Everything has its place

Once you know about acquisition types and goals, it is important that the data is going into the correct categories. Otherwise, you will be misinformed on what is occurring. The primary example we see is email traffic.

Email traffic

This type of traffic often gets miscategorised as direct traffic as Google sees this as a user going straight to the website. Many emails have a UTM setting which needs to be enabled for Google to recognise and categorise this as email traffic in analytics.

UTMs are also great for defining specific campaigns and A/B testing. For example, if you have two adverts running on Facebook with separate massages, you can add a UTM to distinguish the two. The separate campaign performance can then be seen in your analytics and give you an idea of which message performed better.

Connections

There are two connections to consider when setting up analytics:

  • Google Ads
  • Search Console

These provide a thorough understanding on how your audience is interacting with your site, as well as sending goals you have created in Analytics to Google Ads to allow for the most effective measurement.

Google Search Console is about rich data. Allowing you to see the keywords and terms your site is ranking highly on Google search as well as the average position and click-through rate. The data can then instruct you on where to improve your website in terms of Search Engine Optimisation (SEO).

If Google Ads is not connected, traffic that should be attributed to Paid Search or Display will often be categorised as Organic Search or Referral.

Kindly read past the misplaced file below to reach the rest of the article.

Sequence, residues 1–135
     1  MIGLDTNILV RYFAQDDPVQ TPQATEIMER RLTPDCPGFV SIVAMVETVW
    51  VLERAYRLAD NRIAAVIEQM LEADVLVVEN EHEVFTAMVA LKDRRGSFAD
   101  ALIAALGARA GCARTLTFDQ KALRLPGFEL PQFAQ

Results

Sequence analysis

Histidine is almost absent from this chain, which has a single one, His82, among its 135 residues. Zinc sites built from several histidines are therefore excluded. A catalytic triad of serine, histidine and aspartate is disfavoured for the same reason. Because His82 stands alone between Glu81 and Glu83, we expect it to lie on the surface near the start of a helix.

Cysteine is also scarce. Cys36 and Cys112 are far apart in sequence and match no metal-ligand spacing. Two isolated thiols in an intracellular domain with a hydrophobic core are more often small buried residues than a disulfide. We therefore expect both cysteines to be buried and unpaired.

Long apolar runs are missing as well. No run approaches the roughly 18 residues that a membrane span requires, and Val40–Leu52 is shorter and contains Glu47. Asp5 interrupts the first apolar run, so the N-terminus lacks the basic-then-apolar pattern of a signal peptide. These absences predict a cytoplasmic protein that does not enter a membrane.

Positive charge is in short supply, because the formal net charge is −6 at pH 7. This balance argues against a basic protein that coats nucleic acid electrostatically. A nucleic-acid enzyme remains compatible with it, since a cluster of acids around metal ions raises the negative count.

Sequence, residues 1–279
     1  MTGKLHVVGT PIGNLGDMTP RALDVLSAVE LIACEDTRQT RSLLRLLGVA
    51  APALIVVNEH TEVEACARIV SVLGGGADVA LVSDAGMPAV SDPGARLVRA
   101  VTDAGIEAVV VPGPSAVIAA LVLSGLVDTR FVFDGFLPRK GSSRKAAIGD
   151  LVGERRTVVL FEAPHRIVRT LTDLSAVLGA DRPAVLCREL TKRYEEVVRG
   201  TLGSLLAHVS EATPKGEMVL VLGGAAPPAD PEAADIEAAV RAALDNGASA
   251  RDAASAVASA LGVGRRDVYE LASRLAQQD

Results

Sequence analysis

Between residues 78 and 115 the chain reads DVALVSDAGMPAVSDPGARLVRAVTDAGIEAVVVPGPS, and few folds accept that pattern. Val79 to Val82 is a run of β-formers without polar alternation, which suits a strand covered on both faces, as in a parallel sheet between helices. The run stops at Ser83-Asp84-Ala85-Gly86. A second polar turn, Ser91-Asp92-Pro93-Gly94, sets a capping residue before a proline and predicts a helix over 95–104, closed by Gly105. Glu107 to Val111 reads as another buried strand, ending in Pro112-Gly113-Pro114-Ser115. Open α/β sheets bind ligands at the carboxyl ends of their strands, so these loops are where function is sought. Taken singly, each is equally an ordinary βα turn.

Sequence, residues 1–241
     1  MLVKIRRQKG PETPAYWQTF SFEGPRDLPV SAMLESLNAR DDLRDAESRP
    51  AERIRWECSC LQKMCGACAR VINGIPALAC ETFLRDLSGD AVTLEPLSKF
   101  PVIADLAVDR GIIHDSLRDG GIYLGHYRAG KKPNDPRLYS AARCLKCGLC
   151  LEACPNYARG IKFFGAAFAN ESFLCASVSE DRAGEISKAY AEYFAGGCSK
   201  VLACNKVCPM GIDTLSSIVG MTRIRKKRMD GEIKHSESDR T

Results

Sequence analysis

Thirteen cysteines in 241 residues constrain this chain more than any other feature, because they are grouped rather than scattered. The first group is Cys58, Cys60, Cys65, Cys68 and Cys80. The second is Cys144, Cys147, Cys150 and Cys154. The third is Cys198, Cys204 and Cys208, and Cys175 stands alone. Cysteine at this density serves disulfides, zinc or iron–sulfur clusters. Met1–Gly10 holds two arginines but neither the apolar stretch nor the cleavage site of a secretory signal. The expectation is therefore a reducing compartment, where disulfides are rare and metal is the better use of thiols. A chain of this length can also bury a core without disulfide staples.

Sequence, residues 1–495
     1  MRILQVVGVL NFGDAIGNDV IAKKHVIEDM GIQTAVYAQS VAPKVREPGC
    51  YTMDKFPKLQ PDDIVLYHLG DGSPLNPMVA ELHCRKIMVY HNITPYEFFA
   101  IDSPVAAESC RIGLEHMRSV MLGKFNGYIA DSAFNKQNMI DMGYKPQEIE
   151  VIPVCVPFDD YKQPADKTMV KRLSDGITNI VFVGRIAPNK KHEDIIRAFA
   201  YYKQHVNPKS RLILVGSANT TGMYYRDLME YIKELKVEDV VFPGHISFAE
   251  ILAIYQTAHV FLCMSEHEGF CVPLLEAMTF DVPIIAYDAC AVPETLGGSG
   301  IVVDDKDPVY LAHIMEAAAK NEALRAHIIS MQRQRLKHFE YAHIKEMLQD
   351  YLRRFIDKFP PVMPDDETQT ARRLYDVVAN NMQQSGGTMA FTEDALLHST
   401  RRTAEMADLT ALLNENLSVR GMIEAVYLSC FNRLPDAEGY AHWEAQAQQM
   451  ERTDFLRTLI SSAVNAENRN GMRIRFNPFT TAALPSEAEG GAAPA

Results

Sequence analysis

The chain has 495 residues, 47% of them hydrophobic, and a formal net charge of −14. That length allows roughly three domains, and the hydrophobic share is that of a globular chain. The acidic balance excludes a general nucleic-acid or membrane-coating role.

Being a data-driven business? What does that actually mean…

It allows for businesses and organisations - no matter what size - to be smarter with their strategy, objectives and marketing budget. It shows the best performing channels at their peak times and guides you where you should be increasing your marketing efforts.

Acting and review

The whole purpose of setting up analytics is to make sure you are allocating funds and time appropriately based on how users are interacting with the site and goals to meet your business objectives.

It's exciting to be reviewing your data live(!), to regularly see how your audience is engaging with your service, product, campaigns and to know how each channel is performing. To provide date comparisons; annually, monthly, weekly, even daily! These reports will help determine possible seasonal trends, trajectory growth and planning for the immediate future.

For example, in the Housing Market there are often two major peaks in activity, one between August and September (when consumers are returning from their holidays) and one just after Christmas to the beginning of January (when users are looking to make a change in the new year). This can then show you the best time to be running big campaigns and allocate budgets to focus more one month, less in another month.

Being a data-driven business? What does that actually mean…

It allows for businesses and organisations - no matter what size - to be smarter with their strategy, objectives and marketing budget. It shows the best performing channels at their peak times and guides you where you should be increasing your marketing efforts.

If you have any questions regarding your analytics or would like us to do a full digital review of your footprint, contact us.

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Do you love all things creative?